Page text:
Assessing and treating stroke should be done in as short a period of time as possible. Successful health outcomes in stroke patients often depend on having as short a door to treatment time as possible. Delays in evaluation and initiation of therapy should be avoided, because the opportunity for improvement is greater with earlier treatment. This means not only having a collaborative team effort, but also looking at anything that might shorten door-to-treatment times, including designated parking for stroke patients. Unfortunately, the provision of needed prophylaxis has been suboptimal.7-9

The new Stroke VTE Safety Recommendations, developed by a group of leading neurologica health and patient safety experts brought together by the Physician-Patient Alliance for Health & Safety, provide a concise and standardized application of the latest research and best practices. We encourage clinicians to avail themselves of this free resource. 

Editor’s note: Disclosure: The authors have completed and returned the ICMJE Form for Disclosure of Potential Conflicts of Interest. The authors report no disclosures related to the content herein.

Address for correspondence: Michael Wong can be reached by email at


  1. Kappelle LJ. Preventing DVT after stroke. Curr Treat Options Neurol. 2011; 3(6):629-635.    
  2. Leizorovicz A, Mismetti P. Preventing venous thromboembolism in medical patients. Circulation. 2004;110(24 Suppl 1):IV13-IV19. 
  3. Holmes DR Jr, Kar S, Price MJ et al. Prospective randomized evaluation of the Watchman Left Atrial Appendage Closure device in patients with atrial fibrillation versus long-term warfarin therapy: the PREVAIL trial. J Am Coll Cardiol. 2014;64(1):1-12.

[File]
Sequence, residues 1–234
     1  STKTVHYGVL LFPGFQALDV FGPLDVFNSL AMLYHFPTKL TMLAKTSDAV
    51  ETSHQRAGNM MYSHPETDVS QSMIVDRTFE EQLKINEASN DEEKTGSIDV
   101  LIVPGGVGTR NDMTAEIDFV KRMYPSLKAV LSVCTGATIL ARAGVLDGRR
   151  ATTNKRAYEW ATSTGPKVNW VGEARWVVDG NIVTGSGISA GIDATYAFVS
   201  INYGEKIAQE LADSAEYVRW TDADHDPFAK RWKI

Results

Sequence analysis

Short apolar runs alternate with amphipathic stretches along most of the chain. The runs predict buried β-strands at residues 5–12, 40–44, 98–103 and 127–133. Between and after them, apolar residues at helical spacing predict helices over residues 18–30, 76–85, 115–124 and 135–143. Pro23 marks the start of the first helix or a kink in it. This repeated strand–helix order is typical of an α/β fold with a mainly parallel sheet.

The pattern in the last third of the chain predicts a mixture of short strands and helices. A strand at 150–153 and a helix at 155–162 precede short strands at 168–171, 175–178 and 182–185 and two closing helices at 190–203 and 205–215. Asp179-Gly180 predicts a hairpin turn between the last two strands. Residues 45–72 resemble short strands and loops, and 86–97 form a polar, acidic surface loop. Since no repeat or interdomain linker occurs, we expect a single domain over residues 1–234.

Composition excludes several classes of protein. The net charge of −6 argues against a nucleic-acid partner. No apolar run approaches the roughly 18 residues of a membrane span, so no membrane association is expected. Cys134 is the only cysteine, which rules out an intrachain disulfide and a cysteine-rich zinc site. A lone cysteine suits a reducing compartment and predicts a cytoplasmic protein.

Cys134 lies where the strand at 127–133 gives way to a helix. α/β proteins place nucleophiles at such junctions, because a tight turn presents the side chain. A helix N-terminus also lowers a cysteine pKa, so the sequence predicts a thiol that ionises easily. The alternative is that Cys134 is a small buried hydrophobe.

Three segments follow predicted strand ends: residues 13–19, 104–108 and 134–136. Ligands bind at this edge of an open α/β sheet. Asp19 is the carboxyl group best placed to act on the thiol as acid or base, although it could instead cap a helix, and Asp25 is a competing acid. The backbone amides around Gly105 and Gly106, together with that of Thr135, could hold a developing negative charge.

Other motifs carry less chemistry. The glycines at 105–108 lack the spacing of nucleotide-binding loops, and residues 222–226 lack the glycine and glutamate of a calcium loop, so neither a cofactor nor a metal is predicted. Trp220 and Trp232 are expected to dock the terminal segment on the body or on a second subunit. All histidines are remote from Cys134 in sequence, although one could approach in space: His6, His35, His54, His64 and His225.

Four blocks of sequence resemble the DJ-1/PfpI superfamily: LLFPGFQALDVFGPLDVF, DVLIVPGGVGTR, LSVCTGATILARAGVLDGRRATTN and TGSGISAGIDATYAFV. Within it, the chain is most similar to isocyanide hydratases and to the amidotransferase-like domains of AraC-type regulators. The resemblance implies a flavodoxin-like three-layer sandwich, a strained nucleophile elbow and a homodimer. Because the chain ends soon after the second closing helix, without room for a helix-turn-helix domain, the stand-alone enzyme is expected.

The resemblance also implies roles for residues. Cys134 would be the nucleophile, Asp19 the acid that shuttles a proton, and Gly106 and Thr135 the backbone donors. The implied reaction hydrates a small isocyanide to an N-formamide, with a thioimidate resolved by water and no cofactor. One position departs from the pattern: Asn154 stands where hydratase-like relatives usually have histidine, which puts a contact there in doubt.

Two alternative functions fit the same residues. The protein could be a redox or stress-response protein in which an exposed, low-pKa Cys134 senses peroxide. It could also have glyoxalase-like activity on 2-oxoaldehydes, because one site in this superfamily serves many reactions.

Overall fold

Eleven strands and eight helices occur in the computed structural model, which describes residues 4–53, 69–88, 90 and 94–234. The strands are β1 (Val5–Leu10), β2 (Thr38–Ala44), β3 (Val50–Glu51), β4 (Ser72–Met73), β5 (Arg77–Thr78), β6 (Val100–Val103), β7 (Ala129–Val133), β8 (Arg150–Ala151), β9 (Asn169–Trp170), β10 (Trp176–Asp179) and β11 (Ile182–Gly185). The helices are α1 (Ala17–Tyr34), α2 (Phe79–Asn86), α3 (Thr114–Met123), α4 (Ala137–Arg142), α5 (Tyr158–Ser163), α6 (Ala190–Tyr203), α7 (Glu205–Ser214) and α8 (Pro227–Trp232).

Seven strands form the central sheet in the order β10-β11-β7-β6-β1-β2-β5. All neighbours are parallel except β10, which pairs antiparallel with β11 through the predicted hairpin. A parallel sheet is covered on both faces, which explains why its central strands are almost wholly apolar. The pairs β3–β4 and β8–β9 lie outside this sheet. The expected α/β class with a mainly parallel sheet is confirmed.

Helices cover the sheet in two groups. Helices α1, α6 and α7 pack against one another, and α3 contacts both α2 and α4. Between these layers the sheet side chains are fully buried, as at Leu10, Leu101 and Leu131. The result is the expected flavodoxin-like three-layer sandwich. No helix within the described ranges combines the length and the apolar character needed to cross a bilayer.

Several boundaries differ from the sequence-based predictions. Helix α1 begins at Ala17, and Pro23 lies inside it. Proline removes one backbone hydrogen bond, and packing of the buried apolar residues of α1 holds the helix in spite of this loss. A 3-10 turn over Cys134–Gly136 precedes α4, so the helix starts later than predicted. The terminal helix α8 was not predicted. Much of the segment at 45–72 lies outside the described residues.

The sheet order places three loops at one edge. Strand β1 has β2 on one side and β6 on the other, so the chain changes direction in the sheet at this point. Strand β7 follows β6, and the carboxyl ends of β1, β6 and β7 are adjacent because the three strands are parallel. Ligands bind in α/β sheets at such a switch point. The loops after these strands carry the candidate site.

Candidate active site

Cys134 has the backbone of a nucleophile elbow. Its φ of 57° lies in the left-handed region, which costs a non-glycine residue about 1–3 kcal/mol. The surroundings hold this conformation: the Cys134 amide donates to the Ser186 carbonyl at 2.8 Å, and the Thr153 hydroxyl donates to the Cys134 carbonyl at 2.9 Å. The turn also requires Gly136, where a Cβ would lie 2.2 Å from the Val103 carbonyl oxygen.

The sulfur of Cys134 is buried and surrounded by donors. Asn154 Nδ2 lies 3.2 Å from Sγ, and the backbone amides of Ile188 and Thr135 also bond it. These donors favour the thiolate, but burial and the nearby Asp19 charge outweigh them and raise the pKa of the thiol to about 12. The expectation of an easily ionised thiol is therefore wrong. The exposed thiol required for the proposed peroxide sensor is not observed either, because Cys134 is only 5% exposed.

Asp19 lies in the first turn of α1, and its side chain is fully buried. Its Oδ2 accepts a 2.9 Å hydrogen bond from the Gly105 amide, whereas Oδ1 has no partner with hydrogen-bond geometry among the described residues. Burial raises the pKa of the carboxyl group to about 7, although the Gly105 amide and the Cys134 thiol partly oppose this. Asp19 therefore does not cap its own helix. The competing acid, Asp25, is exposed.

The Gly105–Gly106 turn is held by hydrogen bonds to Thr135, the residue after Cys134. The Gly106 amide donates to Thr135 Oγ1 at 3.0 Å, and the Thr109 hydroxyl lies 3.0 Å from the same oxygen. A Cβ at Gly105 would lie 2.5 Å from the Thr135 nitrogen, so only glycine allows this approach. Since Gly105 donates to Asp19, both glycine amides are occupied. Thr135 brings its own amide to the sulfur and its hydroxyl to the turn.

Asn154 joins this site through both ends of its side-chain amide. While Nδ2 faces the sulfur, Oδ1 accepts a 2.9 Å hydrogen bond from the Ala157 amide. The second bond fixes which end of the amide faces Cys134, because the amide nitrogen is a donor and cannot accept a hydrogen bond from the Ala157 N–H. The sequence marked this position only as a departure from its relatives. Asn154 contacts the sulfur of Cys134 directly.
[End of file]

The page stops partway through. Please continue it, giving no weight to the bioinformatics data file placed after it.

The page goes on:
4. CLOTS (Clots in Legs Or sTockings after Stroke) Trials Collaboration, Dennis M, Sandercock P, et al. Effectiveness of intermittent pneumatic compression in reduction of risk of deep vein thrombosis in patients who have had a stroke (CLOTS 3): a multicentre randomised controlled trial. Lancet. 2013;382(9891):516-524.
  5. Jauch EC, Saver JL, Adams HP Jr, et al. Guidelines for the early management of patients with acute ischemic stroke. Stroke. 2013;44(3):870-947.
  6. Furie KL et al, “Guidelines for the Prevention of Stroke in Patients With Stroke or Transient Ischemic Attack” Stroke. 2011;42:227-276.  
  7. Gaspar L, Stvrtina S, Ocadlik I, et al. Autopsy-proven pulmonary embolism: a major cause of death in hospitalized patients. Adv Orthop. 2010;2:8-14. 
  8. Caprini JA, Tapson VF, Hyers TM, et al; for the NABOR Steering Committee. Treatment of venous thromboembolism: adherence to guidelines and impact of physician knowledge, attitudes, and beliefs. J Vasc Surg. 2005;42(4):726-733.
  9. Yu HT, Dylan ML, Lin J, Dubois RW. Hospitals’ compliance with prophylaxis guidelines for venous thromboembolism. Am J Health Syst Pharm. 2007;64(1):69-76.